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Husband allowed to petition for survivor's allowance

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Even though a wife had filed for divorce from her husband at the time she was killed, the husband is still allowed to petition for survivor’s allowance, the Indiana Court of Appeals affirmed Wednesday. The appellate judges cited caselaw from the 1800s to support their decision.

Melissa and Jason Patrick had issues in their marriage, and Melissa filed for divorce. Jason admitted that he also considered divorce, but Melissa filed before him. Jason began a relationship with Sarah Jones, who was divorcing her husband. Jason stayed at Jones’ house a few times a week. Melissa began a relationship with Jones’ ex-husband, who later murdered her when she told him she wanted to end their romantic relationship.

Jason filed a petition of surviving spouse for a statutory allowance pursuant to Indiana Code 29-1-4-1. Melissa’s estate argued that I.C. 29-1-2-14 barred the claim, which says “If either a husband or wife shall have left the other and shall be living at the time of his or her death in adultery, he or she as the case may be shall take no part of the estate or trust of the deceased husband or wife.”

Much of the parties’ arguments and evidence dealt with the “living in adultery” aspect of the statute, but didn’t discuss much of the other element of the statute – abandonment. The appellate court focused on the abandonment element, and cited several cases, including ones from 1829, 1866 and 1916 to conclude that in order to divest Jason of his survivor’s share, the estate was required to prove that he “left” Melissa. This means that he left her “willfully, without justification … with an intention of causing a perpetual separation of the parties,” but he couldn’t have “left” her under I.C. 29-1-2-14 if the parting was mutually agreed upon.

The evidence showed when Melissa filed for dissolution,Jason had been staying at his father’s house. The evidence supports that they separated by mutual consent and he exercised regular visitation with his children. The estate did not prove the element of abandonment, so the trial court did not clearly err in denying the estate’s motion to dismiss Jason’s petition for survivor’s allowance, wrote Judge Ezra Friedlander in In the Matter of the Estate of Melissa K. Patrick: Yvonne Griffith v. Jason Patrick, No. 17A03-1104-ES-190.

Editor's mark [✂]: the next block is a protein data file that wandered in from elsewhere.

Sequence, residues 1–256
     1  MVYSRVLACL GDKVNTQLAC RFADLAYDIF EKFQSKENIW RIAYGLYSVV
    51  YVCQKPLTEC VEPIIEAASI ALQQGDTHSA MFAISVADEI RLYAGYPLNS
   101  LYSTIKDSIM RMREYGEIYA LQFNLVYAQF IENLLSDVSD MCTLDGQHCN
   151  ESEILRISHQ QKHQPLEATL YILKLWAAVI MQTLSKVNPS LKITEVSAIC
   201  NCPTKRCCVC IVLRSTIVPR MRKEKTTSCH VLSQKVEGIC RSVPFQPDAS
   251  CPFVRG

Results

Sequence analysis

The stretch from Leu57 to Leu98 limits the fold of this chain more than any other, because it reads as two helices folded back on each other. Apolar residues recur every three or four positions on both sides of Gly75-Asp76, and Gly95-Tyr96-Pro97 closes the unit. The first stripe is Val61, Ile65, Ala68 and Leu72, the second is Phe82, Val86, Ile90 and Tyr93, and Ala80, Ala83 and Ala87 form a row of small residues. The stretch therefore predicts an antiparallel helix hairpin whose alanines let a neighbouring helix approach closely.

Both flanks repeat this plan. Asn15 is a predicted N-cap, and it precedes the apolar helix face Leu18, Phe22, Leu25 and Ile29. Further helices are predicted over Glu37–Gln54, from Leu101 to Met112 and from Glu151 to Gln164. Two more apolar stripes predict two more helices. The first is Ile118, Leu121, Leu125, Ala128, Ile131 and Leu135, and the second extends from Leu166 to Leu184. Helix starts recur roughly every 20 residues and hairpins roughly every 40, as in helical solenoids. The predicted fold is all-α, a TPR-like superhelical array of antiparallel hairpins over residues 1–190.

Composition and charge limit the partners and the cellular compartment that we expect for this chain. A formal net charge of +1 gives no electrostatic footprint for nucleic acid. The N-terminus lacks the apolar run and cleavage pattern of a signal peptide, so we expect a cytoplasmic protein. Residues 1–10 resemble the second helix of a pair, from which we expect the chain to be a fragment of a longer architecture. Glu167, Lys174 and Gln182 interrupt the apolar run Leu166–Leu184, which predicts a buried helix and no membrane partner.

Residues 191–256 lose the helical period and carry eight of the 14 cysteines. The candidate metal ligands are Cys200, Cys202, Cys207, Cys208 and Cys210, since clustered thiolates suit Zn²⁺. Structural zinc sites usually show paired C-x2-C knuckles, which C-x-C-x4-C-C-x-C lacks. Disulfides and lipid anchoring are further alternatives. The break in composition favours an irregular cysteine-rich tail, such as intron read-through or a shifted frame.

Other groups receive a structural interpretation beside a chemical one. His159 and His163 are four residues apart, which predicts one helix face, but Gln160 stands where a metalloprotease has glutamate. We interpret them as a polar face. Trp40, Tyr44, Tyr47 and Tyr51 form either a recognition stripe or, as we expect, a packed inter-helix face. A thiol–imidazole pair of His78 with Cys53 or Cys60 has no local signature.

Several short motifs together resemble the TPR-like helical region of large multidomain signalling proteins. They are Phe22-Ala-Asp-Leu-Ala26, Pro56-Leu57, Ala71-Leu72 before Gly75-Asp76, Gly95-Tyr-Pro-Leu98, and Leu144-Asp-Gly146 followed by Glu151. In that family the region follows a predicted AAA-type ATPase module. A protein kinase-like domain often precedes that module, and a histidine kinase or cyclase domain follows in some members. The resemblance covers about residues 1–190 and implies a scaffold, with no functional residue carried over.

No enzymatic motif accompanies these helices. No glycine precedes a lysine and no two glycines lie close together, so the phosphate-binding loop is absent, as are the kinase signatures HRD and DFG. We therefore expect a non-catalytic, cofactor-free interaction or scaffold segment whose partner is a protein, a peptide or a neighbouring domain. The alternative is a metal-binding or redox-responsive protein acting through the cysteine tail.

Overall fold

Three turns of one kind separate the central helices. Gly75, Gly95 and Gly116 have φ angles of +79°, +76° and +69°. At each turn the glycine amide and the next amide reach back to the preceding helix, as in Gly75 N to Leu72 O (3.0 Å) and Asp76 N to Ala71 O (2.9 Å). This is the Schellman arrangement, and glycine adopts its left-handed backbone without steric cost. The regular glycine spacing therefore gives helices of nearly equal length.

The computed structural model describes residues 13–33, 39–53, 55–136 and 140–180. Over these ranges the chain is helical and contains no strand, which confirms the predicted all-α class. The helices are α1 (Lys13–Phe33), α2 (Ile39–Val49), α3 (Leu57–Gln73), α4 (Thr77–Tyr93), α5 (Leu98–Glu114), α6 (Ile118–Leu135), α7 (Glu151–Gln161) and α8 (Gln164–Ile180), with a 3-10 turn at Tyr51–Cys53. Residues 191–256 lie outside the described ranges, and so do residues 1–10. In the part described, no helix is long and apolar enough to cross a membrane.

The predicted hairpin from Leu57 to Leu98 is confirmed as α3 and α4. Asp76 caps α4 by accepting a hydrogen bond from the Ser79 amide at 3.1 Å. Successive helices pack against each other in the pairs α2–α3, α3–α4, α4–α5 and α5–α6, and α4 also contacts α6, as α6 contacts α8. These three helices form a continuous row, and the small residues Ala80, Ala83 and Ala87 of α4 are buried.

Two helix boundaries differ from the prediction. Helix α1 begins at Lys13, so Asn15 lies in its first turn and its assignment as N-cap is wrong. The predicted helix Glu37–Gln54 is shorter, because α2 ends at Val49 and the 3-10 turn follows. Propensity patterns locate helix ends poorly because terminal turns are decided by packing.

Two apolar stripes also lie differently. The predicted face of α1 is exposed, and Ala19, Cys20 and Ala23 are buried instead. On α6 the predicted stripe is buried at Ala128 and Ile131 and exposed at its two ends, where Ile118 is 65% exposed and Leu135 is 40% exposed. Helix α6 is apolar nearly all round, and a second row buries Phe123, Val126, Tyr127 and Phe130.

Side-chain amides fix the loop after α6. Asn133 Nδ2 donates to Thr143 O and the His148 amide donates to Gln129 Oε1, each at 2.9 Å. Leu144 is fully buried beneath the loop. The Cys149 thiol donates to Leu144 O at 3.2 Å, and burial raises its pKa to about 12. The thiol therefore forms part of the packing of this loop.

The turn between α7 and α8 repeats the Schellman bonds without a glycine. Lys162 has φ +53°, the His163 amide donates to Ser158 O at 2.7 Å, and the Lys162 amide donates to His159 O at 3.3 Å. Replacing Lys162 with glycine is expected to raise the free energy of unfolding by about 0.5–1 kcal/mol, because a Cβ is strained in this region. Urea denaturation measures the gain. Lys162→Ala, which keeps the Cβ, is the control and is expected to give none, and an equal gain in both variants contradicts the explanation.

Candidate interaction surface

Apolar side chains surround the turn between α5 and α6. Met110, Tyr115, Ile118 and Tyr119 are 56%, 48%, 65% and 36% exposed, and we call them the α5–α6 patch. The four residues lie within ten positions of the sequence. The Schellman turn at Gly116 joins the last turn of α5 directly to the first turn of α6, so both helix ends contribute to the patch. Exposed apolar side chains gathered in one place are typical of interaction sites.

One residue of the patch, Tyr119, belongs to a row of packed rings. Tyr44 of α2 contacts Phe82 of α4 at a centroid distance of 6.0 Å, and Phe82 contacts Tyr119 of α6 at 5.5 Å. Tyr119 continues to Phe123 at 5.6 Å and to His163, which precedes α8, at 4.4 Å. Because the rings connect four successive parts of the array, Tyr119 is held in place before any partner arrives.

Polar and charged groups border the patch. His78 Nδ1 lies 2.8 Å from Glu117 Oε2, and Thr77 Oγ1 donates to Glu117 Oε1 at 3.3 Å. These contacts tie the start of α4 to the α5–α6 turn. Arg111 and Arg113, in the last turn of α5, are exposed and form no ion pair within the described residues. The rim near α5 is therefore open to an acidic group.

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  1. Im very happy for you, getting ready to go down that dirt road myself, and im praying for the same outcome, because it IS sometimes in the childs best interest to have visitation with grandparents. Thanks for sharing, needed to hear some positive posts for once.

  2. Been there 4 months with 1 paycheck what can i do

  3. our hoa has not communicated any thing that takes place in their "executive meetings" not executive session. They make decisions in these meetings, do not have an agenda, do not notify association memebers and do not keep general meetings minutes. They do not communicate info of any kind to the member, except annual meeting, nobody attends or votes because they think the board is self serving. They keep a deposit fee from club house rental for inspection after someone uses it, there is no inspection I know becausee I rented it, they did not disclose to members that board memebers would be keeping this money, I know it is only 10 dollars but still it is not their money, they hire from within the board for paid positions, no advertising and no request for bids from anyone else, I atteended last annual meeting, went into executive session to elect officers in that session the president brought up the motion to give the secretary a raise of course they all agreed they hired her in, then the minutes stated that a diffeerent board member motioned to give this raise. This board is very clickish and has done things anyway they pleased for over 5 years, what recourse to members have to make changes in the boards conduct

  4. Where may I find an attorney working Pro Bono? Many issues with divorce, my Disability, distribution of IRA's, property, money's and pressured into agreement by my attorney. Leaving me far less than 5% of all after 15 years of marriage. No money to appeal, disabled living on disability income. Attorney's decision brought forward to judge, no evidence ever to finalize divorce. Just 2 weeks ago. Please help.

  5. For the record no one could answer the equal protection / substantive due process challenge I issued in the first post below. The lawless and accountable only to power bureaucrats never did either. All who interface with the Indiana law examiners or JLAP be warned.

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